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Business Insights from Analytics

T.C. Seow | Sept. 27, 2011
No longer an exclusive subject of data experts, business analytics is gaining enough traction to warrant a closer look by CXOs.

No longer an exclusive subject of data experts, business analytics is gaining enough traction to warrant a closer look by CXOs.

 

In May this year, Bloomberg BusinessWeek Research Services conducted a global survey (sponsored by SAS) of 930 business professionals to determine the state of business analytics in their organisations. While business analytics have become widespread, with 97 percent of survey respondents reporting some use in their organisations, the vast majority of companies are not yet using the more sophisticated analytical capabilities available. According to the survey, less than one in five businesses have adopted technologies that capitalise on evolving sources of information (such as Web data, social media and unstructured data from text and video).

As in the rest of the world, organisations in the Asia-Pacific region have warmed to the idea of making use of their data for insights. While most are still at an early or emerging stage in their use of analytics, some organisations have embraced business analytics to harness data and turn it into valuable insights and to make better business decisions.

 

Banks, Historically

The biggest area where data analysis has been routinely applied to derive business insights is the financial services industry, where business analytics tools have been used for detecting fraud ranging from illegal money laundering to credit card fraud and loan defaults. 

"Banks have had a head start in the use of analytics for two main reasons," said Piyush Gupta, CEO of Singapore-based DBS Bank, at the SAS Premier Business Leadership Series Conference held in Singapore last August. "One is partly due to regulatory requirement for risk assessment, and the other is to improve on customer service. Historically, the credit card departments are large users of analytics for customer acquisitions and risk assessments."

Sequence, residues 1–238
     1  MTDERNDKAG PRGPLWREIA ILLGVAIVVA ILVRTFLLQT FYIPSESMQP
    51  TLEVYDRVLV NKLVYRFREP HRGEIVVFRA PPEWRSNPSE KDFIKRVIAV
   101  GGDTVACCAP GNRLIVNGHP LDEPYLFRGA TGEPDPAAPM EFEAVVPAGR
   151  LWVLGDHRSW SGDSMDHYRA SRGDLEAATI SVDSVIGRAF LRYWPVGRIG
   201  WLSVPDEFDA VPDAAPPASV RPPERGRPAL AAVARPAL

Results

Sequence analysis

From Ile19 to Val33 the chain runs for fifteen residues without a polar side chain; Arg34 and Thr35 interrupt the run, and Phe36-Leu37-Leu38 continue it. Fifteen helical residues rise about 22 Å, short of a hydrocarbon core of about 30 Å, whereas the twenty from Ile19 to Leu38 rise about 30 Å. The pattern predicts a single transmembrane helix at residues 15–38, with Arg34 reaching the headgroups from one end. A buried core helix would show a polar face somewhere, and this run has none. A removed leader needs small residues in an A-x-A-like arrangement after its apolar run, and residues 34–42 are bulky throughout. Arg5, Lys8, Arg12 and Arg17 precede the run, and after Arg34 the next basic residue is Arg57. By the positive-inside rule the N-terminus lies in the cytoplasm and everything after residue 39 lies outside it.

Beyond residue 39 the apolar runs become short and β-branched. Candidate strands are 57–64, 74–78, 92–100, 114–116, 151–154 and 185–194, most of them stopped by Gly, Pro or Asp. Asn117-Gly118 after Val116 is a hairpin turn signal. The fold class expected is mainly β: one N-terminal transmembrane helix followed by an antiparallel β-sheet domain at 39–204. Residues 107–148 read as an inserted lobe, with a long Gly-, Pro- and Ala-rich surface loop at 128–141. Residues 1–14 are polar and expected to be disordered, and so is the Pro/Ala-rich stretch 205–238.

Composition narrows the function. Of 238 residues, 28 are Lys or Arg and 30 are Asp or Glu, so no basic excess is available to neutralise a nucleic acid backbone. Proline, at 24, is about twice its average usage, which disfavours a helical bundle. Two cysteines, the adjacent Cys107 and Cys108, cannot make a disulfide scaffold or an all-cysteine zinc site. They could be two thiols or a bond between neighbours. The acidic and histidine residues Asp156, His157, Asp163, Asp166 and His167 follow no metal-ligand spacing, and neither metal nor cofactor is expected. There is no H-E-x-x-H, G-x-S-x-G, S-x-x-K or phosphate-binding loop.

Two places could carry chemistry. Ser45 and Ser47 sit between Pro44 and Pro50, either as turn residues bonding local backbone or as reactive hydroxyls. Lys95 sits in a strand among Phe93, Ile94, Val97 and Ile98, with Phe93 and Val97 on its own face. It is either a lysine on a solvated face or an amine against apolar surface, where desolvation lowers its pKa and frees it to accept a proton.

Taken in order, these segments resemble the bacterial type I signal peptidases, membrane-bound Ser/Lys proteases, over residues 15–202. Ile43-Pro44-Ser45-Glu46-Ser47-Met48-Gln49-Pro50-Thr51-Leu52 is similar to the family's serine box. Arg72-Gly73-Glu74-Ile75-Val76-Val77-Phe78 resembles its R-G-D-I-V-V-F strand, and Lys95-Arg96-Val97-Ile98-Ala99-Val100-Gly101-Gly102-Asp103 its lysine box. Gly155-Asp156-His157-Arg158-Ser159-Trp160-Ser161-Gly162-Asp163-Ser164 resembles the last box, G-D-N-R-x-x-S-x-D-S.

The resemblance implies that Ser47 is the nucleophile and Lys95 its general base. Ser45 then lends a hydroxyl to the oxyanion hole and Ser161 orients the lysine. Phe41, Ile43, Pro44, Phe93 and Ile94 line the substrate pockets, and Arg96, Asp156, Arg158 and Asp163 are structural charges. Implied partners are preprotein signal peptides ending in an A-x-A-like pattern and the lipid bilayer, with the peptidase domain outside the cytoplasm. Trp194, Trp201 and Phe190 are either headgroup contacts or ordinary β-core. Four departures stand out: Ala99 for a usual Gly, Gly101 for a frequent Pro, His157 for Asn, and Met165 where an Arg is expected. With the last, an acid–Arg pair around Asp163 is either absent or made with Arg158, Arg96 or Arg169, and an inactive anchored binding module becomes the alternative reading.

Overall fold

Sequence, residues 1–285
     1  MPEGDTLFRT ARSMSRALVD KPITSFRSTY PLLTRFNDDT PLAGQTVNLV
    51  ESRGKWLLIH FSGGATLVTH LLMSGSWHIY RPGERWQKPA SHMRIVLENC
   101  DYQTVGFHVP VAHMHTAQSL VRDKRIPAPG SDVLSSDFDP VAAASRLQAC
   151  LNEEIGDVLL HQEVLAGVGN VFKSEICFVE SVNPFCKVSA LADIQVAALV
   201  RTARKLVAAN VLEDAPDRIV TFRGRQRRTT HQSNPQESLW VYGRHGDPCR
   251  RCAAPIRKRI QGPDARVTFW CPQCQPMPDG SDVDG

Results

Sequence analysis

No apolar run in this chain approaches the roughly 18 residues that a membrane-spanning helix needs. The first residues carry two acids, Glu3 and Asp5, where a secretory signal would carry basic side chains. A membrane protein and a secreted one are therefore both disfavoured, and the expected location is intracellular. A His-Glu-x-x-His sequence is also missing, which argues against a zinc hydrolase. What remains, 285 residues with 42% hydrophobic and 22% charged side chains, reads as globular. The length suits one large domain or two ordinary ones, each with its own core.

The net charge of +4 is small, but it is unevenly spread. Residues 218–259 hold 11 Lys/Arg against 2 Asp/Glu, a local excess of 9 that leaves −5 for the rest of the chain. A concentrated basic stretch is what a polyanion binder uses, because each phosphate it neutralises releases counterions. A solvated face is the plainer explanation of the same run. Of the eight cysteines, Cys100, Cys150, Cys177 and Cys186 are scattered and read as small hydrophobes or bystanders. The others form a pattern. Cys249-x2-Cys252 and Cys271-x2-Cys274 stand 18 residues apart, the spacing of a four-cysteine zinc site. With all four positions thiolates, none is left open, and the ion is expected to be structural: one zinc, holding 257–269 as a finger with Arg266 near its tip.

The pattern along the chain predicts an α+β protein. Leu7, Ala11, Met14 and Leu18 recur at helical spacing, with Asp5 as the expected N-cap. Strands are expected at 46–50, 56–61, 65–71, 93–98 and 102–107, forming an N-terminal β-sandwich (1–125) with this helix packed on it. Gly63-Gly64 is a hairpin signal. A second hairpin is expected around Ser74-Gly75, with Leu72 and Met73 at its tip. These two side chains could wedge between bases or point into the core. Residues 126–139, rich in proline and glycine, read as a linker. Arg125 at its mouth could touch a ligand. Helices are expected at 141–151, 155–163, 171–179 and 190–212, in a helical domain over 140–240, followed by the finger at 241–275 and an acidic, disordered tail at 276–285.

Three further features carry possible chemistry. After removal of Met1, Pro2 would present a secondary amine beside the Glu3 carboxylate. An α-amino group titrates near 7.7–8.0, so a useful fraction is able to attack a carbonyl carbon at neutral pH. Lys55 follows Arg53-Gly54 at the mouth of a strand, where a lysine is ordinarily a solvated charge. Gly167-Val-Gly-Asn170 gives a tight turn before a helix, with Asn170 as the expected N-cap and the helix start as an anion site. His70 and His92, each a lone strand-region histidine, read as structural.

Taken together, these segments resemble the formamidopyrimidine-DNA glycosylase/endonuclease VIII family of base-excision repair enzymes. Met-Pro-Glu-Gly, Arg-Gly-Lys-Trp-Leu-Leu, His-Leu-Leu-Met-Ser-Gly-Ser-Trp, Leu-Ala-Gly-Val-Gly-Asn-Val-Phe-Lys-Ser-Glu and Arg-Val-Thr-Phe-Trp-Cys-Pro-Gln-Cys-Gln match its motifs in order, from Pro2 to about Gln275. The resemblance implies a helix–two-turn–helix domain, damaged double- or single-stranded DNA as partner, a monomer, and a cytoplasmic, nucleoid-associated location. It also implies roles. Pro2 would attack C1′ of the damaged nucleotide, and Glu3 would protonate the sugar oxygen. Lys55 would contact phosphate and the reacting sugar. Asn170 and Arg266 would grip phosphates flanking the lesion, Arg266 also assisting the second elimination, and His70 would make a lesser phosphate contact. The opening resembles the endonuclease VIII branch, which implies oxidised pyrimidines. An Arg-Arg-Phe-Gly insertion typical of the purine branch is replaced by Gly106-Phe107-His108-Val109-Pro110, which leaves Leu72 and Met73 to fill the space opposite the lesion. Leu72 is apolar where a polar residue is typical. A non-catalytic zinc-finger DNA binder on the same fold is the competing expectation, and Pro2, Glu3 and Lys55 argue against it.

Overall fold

The China Guangfa Bank, the first Chinese bank to issue credit cards, is also one such bank that has embarked on using analytics. This emerging bank faces big data challenges. For example, it must manage credit risk for its rapidly growing credit card portfolio, with more than 12 million cards issued. China Guangfa Bank has a broad and scalable analytics platform to meet its data analytics needs.

"Analytics are crucial for China Guangfa Bank to help manage and derive value from huge amounts of data on customers, operations, credit risk and more," said Dr. Yachen Lin, CRO of China Guangfa Bank Credit Card Centre. "SAS provides us with a strong and proven analytics framework to meet our ever changing data analysis needs, help differentiate our bank from competitors and enhance our marketing effort."

Korea's automobile insurers are getting slammed with fraudulent claims. The country's Financial Supervisory Service reports a one-year increase of 30 percent. Unfortunately, most insurers do not respond effectively - either because they lack enough claims investigators or because they base their predictive models on existing industry statistics.

 

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